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Researchers have found that individual strengths (e.g., coping, optimism) are protective against behavioral risk (e.g., delinquency, suicide) among traumatized youth in foster care. However, less is known about kinship involvement (i.e., extended family support) as a social strength that can also attenuate the effects of childhood trauma, thereby reducing behavioral risk. Addressing the lack of research on kinship involvement, the present longitudinal study investigated individual strengths (IS) and kinship involvement (KI) as moderators between trauma experiences (TE) and risk behaviors (RB) among 336 youth, ages 6 to 13, who entered the Illinois child welfare system between 2011 and 2014. Controlling for Time 1 (T1) RB, T1 IS, age, gender, and ethnicity, we utilized a three-level Hierarchical Generalized Linear Model to analyze TE × KI and TE × IS at T2. The study found that KI was negatively associated with RB (β16 = −.08, Event Rate Ratio [ERR] = 0.92, p = <.01), suggesting that youth with more KI had relatively lower RB trajectories. Further, the TE × IS interaction was significant in the model (β21 = −.05, ERR = 0.95, p < .01); TE was positively associated with RB at lower levels of IS but not higher levels of IS. These results highlight the importance of assessing children’s kinship networks and individual strengths early in foster care.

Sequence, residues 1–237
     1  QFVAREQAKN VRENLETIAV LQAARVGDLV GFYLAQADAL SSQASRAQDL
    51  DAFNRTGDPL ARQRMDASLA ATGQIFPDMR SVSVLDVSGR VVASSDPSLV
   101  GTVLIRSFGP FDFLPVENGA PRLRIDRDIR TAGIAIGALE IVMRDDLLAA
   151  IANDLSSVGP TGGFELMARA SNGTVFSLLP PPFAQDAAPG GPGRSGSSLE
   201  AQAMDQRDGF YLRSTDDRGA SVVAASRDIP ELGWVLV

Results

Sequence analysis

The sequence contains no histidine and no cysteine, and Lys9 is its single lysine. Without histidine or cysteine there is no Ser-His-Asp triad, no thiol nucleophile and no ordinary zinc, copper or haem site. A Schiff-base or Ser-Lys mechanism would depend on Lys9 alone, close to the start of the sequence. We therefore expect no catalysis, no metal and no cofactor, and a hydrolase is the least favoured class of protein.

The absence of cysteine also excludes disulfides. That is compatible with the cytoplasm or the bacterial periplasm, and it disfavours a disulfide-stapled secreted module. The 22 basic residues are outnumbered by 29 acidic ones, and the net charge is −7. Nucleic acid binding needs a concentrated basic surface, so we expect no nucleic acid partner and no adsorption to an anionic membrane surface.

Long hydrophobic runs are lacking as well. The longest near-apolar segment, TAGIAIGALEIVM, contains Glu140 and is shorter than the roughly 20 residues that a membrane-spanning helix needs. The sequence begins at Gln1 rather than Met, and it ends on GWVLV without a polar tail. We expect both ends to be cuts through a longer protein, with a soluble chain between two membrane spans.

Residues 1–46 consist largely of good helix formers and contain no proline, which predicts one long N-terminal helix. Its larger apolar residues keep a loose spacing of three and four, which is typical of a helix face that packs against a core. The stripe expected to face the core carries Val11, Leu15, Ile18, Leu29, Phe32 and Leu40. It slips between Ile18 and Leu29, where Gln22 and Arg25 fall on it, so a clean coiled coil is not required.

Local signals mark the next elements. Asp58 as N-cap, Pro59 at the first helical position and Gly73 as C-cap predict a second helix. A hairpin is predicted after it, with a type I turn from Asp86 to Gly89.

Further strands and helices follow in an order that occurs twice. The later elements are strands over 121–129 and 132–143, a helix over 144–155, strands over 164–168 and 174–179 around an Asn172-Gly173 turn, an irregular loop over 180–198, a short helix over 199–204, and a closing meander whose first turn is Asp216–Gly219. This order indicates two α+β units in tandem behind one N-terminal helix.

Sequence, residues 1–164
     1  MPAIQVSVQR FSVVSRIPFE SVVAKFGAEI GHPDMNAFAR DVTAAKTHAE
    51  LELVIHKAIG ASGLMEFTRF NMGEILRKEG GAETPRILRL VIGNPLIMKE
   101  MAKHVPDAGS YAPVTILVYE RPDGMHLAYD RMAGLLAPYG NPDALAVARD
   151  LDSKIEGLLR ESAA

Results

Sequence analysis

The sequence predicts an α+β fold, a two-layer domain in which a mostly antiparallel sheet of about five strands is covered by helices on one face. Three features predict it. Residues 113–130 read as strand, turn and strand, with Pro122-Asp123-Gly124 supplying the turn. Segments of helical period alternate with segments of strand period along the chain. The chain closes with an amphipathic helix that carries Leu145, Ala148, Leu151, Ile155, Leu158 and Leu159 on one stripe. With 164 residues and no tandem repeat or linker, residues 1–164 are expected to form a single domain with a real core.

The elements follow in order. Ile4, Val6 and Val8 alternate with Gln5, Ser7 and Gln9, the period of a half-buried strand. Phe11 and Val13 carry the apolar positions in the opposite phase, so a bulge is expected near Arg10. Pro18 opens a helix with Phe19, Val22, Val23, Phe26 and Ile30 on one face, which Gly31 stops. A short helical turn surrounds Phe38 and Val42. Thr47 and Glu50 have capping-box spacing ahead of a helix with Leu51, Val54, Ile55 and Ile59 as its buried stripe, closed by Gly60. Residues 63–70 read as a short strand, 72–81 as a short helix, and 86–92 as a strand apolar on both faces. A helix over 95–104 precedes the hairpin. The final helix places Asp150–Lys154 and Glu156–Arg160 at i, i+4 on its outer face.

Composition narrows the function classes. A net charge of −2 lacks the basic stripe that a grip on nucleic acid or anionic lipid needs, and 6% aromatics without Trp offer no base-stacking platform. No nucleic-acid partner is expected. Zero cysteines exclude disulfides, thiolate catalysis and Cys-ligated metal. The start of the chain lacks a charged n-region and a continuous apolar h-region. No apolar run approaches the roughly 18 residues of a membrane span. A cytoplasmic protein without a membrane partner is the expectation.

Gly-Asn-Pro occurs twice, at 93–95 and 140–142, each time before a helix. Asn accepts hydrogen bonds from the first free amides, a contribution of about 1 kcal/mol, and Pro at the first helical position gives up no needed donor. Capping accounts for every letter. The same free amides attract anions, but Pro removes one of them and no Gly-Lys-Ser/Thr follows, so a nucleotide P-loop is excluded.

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- Foster Care Children’s Kinship Involvement and Behavioral Risks: A Longitudinal Study
Gayle L. Blakely
Scott C. Leon
Anne K. Fuller
Grace Jhe Bai
- Springer US